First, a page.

This little amusement park didn’t do very well. It was nothing compared to the old Venice Pier. The Ocean Park Pier was still nearby with all its great rides and attractions. This little funky park in Venice couldn’t compete with the rides on the Ocean Park Pier. In 1950 William Boyd was sold a share in this Venice amusement park for $55,000. A few new rides were added. There was a large stables with corrals and horse riding tracks for both advanced riders and children. On May 26, 1951 Hoppyland opened with much fanfare. On opening day he invited many movie stars and their kids, like Richard Widmark, Susan Hayward and Pat O’Brian. A short film exists of opening day with Hoppy and other famous people. This was four years before Disneyland opened and it is said Hoppyland may have been the first theme amusement park.
I was a tiny kid when Hoppy came on TV. We had a huge 9 inch black and white TV with rabbit ears. For you younger ones out there, before cable and internet we had little boxes with two long copper arms above the TV that picked up TV reception called rabbit ears. You would have to keep moving them around to try and get a clear picture. Usually you never got a clear picture no matter how much you played with the rabbit ears. Even though reception was poor and TVs were small, TV with moving pictures in your own home became the entertainment for the masses.
I would wait all week for Hoppy to come on TV. I would sit a foot away from our TV and ride my white rocking horse like Hoppy’s horse Topper. When Hoppy would fight with the bad guys I would gallop on my rocking horse with my toy cowboy guns and help him in the big shootout at the end of every episode. Somehow Hoppy could usually just shoot the gun out of the bad guy’s hand with a fabulous shot, and then beat the bad guy’s gang to a pulp with his fists with the help of his funny sidekick! Hoppy was awesome! So when Hoppyland opened and all the news was talking about it, I started to drive my parents nuts by begging all day asking, “When are we going to Hoppyland?!”
After what seemed like a hundred years, it was probably a month, we finally went to Hoppyland. My dear uncle Henry and aunt Elaine and my cousins Thelma and Renee and my brother Jerry and my parents all piled into our cars and went to Hoppyland in Venice. It was a nice clean amusement park with a smaller carousel, a Ferris wheel, a junior roller coaster and a miniature train. There was a dumb boat ride and other kiddie rides. The roller coaster was fun, but it was still nothing compared to the giant one on the Ocean Park Pier. There were 80 acres but only 15 acres of rides. They advertised 25 thrill rides and games, but there were only about 20 or so carnival type rides. I was expecting more of a cowboy theme park, but it was just mostly the old amusement park spruced up. Even as a little kid I thought the Ocean Park Pier was much better. Hoppyland had a nice merry-go round, but the one at Ocean Park and the one on the Santa Monica Pier were better. I was terribly disappointed. There was a nice picnic area, horseshoe games, a baseball diamond and the old lake that would later be part of the Marina. There was a large corral and tracks for horseback riding. My dad Jess was from New York City and he only knew horses from the movies, so we didn’t ride the horses. There didn’t seem to be many people renting horses, either. Believe it or not, there were a couple of stables around where the Marina is today where you could go riding, and so horse lovers didn’t have to go to Hoppyland to ride. Boyd may have dreamed of having rodeo shows also in his large corrals. I heard he had country music in the evenings for dancing, but we never went at night.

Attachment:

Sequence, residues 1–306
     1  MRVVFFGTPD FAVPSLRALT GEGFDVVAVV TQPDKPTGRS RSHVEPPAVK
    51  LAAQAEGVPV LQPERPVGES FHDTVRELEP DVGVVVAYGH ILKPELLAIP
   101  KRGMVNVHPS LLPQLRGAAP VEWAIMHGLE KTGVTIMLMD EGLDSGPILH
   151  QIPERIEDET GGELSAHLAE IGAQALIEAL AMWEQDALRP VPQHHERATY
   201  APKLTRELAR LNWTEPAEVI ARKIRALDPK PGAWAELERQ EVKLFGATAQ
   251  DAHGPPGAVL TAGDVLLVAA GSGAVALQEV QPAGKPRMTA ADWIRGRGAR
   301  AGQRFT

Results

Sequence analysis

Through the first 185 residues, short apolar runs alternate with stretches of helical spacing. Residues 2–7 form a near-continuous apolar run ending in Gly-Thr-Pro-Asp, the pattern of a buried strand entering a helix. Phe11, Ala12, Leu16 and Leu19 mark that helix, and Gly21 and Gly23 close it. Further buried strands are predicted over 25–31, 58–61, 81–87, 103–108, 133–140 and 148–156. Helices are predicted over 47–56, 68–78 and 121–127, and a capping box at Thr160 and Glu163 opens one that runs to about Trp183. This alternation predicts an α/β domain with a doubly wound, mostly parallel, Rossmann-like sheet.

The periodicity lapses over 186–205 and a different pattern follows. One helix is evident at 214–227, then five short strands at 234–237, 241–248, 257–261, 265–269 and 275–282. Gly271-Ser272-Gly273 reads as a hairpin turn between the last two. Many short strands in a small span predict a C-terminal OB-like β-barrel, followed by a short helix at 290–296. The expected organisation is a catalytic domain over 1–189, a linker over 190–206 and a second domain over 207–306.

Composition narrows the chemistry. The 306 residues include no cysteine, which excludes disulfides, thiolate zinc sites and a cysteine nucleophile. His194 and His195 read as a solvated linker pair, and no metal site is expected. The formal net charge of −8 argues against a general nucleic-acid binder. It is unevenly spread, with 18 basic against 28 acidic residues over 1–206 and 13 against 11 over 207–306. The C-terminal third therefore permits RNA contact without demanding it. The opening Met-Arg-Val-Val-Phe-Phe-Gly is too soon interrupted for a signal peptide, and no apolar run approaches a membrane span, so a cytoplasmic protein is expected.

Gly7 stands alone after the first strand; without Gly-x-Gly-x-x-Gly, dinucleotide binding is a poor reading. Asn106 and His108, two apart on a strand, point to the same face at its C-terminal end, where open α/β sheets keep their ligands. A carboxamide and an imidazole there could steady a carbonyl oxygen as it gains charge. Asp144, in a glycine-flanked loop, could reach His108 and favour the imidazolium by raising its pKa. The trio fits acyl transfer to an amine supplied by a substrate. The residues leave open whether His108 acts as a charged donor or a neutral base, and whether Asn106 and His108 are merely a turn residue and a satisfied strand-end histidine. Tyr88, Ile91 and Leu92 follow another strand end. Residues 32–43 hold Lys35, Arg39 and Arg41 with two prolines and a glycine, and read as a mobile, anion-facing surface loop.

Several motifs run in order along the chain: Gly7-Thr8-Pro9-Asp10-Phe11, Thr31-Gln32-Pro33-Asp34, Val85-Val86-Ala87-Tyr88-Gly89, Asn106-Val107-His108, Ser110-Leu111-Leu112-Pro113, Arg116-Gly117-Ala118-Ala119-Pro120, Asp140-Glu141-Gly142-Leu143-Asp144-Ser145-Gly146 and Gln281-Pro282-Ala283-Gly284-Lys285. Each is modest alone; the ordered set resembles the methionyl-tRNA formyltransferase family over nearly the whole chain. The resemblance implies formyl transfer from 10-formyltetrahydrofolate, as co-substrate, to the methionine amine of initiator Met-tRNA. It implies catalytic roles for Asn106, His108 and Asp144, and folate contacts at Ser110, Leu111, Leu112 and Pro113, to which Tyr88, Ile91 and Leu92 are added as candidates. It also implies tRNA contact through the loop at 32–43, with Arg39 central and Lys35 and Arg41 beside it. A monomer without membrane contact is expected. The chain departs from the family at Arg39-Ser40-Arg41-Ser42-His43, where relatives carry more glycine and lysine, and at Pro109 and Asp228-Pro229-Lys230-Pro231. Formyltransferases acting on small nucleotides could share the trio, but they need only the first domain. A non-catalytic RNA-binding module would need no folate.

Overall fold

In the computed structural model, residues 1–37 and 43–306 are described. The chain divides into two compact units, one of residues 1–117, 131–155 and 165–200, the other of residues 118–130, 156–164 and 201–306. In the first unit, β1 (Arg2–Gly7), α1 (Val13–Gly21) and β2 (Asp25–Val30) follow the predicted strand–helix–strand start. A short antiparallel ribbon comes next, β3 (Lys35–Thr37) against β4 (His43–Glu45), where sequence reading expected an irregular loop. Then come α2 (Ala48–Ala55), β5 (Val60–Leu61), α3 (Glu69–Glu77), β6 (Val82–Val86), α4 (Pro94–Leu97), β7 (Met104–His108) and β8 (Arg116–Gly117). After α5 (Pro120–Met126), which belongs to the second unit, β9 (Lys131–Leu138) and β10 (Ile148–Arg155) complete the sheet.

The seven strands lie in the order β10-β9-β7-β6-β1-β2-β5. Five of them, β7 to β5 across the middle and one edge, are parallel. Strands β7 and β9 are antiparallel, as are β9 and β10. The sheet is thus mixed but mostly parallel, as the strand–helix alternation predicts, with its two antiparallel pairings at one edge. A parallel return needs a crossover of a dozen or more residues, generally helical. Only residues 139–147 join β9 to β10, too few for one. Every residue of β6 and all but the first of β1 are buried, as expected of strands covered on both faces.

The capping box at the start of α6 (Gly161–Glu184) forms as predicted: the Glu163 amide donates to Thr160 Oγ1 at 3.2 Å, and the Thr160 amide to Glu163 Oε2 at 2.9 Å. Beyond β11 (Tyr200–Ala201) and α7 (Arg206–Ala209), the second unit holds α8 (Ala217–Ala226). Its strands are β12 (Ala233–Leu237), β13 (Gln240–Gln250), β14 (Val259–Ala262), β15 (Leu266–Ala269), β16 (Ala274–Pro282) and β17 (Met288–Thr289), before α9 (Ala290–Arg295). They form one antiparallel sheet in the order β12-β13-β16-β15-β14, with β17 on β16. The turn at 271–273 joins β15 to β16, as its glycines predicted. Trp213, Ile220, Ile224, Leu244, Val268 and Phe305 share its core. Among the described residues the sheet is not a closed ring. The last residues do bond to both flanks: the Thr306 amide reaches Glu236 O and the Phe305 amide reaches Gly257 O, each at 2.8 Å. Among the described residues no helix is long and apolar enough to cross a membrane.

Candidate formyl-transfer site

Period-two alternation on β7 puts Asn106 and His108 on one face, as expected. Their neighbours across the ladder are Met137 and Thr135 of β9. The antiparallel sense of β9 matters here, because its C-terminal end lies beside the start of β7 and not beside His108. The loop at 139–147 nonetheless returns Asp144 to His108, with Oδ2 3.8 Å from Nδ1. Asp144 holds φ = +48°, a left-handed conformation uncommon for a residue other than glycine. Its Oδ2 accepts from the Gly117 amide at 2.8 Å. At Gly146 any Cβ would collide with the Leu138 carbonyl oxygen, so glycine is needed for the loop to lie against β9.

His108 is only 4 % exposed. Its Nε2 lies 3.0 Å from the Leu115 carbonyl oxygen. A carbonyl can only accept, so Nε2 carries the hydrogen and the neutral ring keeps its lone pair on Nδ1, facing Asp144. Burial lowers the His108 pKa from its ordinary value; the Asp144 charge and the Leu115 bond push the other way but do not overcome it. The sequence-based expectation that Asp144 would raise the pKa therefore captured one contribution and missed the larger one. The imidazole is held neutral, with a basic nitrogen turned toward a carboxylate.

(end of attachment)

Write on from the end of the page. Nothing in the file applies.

After a fun but somewhat disappointing day for me, my family was getting ready to go home. I was frantic because I thought the real reason we came to Hoppyland was to meet Hoppy! They told me that we weren’t going to see Hoppy, and I was very sad buckaroo. I was watching someone ride a horse in the large corral. The stables were a few hundred feet away from me and suddenly I saw Hoppy walk out of the stables! I began screeching at the top of my lungs, “Hoppy, Hoppy, Hoppy!” My mom Ruthie was embarrassed and yelled at me: “Hoppy won’t come over here!” I climbed up on the corral posts and kept yelling, “Hoppy, Hoppy, Hoppy!” My mom tried to pull me down from the corral and said, “We have to go home now!” but I kept yelling to Hoppy. Hoppy heard my mad screaming and he walked all the way across the large corral a few hundred feet away to meet me! He came over and knelt down and put his arm around me and said, “Howdy little partner, be a good little cowboy and be good to your mother.” He talked with my mom for a minute and then strolled back to the stables. My mother was very happy and excited. Even after all these years and meeting many famous people and movie stars, I still remember this as one of the greatest moments of my life! Even today I still have his photo with his horse Topper on my wall. When asked about playing Hoppy, William Boyd said, “When you’ve got kids looking up to you, when you’ve got parents saying what a wonderful guy Hopalong is, what the hell do you do? You have to be a wonderful guy!” He was…
Within a year the other big movie cowboys decided to also jump into TV. Soon the great singing cowboys Gene Autry, and Roy Rogers with Dale Evans had TV shows. Hoppy couldn’t sing. The Cisco Kid and the Lone Ranger cowboy shows soon followed. Hopalong Cassidy couldn’t compete with all these new shows. He was already a middle-aged, silver-haired man when Hoppy came on TV. His popularity soon faded and his TV show went out to pasture. He quit making movies in 1953. Don’t you think this would be a wonderful movie script?! Maybe call the movie Hoppy?
Hoppyland stayed around in Venice until 1954, when it closed. Hoppy would make occasional personal appearances, but for the most part retired. He built a home in Palm Desert, CA. that was painted black and white representing him and his horse. He rode off into his last sunset to cowboy heaven in 1972. Grace died in 2010 at 97. He is buried with his wife Grace at Forest Lawn. His horse Topper was buried at the L.A. Pet Memorial Park. He has a star on the Hollywood Walk of Fame at 1734 Vine Street. There was a commemorative U.S. stamp issued in 2009 with Hopalong Cassidy and Topper. His old toys and memorabilia are still collected. His TV show recently came back on weekend morning TV. He will always be remembered in my heart. Here’s Hoppy’s TV theme song: “Here he comes, here he comes, there’s the trumpets, there’s the drums, here he comes. Hopalong Cassidy, here he comes! woo woo woo… There he goes, on his way, down the trail the cowboy way, Hopalong Cassidy, Hopalong Cassidy. He’ll return, soon again, there’s no use to say goodbye until then, Hopalong Cassidy, so long Hopalong!”

For more local history read; Venice California ‘Coney Island of the Pacific’ by Jeffrey Stanton
Marty Liboff - Hoppy and TopperAbove: Hoppy and Topper

Marty Liboff - Thrill rides at Hoppyland

Above: Advertisement for Hoppyland, with attractions and Hoppy



Categories: History, Marty Liboff, Venice